Giuseppe Pennisi used to be skeptical of environmental organizations. But now the old-school Monterey Bay trawl fisherman is on his way to becoming a conservationist.
Trawling is notorious for disrupting crucial habitat as the gear drags across the sea floor. Pennisi has partnered with the Environmental Defense Fund (EDF) to design special trawl equipment that reduces environmental damage.
According to EDF fisheries consultant Huff McGonigal, it all started with catch share. The West Coast Groundfish Trawl Catch Share Program was implemented in 2008 and designed to address one of the problems with the trip-limit management system, which set a maximum catch for each species. Any catch over the limit was thrown overboard as dead bycatch, and fishermen faced severe fines.
“It had problems on so many levels,” Pennisi says. “I can’t tell you how stressful it became.”
The new catch-share program aligned incentives. Now fishermen are constantly accompanied by trained observers who ensure they are not over their limits. When fishermen catch too much of a particular fish, they must compensate by trading with another fisherman before resuming work.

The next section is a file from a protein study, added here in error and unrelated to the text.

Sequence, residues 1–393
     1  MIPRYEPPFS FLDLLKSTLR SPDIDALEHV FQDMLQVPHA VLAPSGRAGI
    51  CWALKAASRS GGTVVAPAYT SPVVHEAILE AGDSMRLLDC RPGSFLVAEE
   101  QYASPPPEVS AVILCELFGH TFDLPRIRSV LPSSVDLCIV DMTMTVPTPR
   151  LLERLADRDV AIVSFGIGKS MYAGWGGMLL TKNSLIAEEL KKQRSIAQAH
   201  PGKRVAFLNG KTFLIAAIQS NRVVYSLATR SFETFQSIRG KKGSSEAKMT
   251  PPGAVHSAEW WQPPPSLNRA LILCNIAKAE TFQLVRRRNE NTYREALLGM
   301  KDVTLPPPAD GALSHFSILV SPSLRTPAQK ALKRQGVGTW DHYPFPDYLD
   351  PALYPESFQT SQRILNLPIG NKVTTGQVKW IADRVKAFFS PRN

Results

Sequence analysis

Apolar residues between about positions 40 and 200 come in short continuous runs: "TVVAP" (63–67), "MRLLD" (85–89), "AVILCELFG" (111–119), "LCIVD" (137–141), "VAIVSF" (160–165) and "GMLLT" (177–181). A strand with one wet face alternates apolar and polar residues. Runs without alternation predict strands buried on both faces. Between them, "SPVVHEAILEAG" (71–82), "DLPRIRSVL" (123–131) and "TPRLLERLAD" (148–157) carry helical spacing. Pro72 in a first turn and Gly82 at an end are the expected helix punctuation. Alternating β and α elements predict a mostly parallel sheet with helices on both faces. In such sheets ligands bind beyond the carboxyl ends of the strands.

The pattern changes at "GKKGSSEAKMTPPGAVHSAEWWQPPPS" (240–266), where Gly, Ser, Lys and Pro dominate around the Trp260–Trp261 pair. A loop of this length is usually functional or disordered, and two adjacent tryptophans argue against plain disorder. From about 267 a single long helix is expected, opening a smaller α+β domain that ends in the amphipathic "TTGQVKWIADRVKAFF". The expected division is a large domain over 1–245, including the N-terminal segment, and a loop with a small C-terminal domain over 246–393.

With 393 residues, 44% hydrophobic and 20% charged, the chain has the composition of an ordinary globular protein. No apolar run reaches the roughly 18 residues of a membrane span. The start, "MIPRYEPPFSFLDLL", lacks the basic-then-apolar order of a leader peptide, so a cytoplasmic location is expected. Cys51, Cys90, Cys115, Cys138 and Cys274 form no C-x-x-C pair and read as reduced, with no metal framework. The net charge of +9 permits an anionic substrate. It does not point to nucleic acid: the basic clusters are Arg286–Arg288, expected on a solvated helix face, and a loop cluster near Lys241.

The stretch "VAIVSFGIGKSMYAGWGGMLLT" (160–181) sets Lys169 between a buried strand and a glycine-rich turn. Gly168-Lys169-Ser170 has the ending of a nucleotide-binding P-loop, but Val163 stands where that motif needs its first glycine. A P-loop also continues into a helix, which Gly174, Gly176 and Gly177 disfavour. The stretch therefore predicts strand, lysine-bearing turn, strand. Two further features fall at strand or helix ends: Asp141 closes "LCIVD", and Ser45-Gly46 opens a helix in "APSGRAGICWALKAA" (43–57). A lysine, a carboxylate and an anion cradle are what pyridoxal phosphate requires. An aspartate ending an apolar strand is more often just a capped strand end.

The new management system still has one big problem: making the environmentally sustainable fishing practice profitable. That’s where Pennisi’s light-trawl gear comes in.
McGonigal and EDF consultant David Crabbe have worked with Pennisi to design light-trawl gear that doesn’t drag. Instead, it floats just above the sea floor. This allows Pennisi to fish a wider area, travel faster, reduce fuel costs by a quarter and preserve bottom-dwelling fauna.
“The idea with the gear is to raise it up enough so the points of [bottom] contact are 90-percent reduced,” McGonigal explains, “but you still catch fish.”
McGonigal, Crabbe and Pennisi expect to test the light-trawl gear in the coming year. But ultimately, Crabbe says, “We hope all the boats will have gear like this.”
Threats to fishing profitability still remain. Some operations don’t have space or money for the $450-per-day observer, and when demand is high, there aren’t enough observers to cover all the boats. Fishermen still sell their catch for nearly the same price they did 30 years ago.
But Pennisi hopes his gear will allow fishermen to work in areas traditionally closed to fishing. “We’re going to only fish half as much, we’ll catch all we need, and we’ll barely be touching the bottom,” he says. “What we’re doing right now is the beginning of something huge.”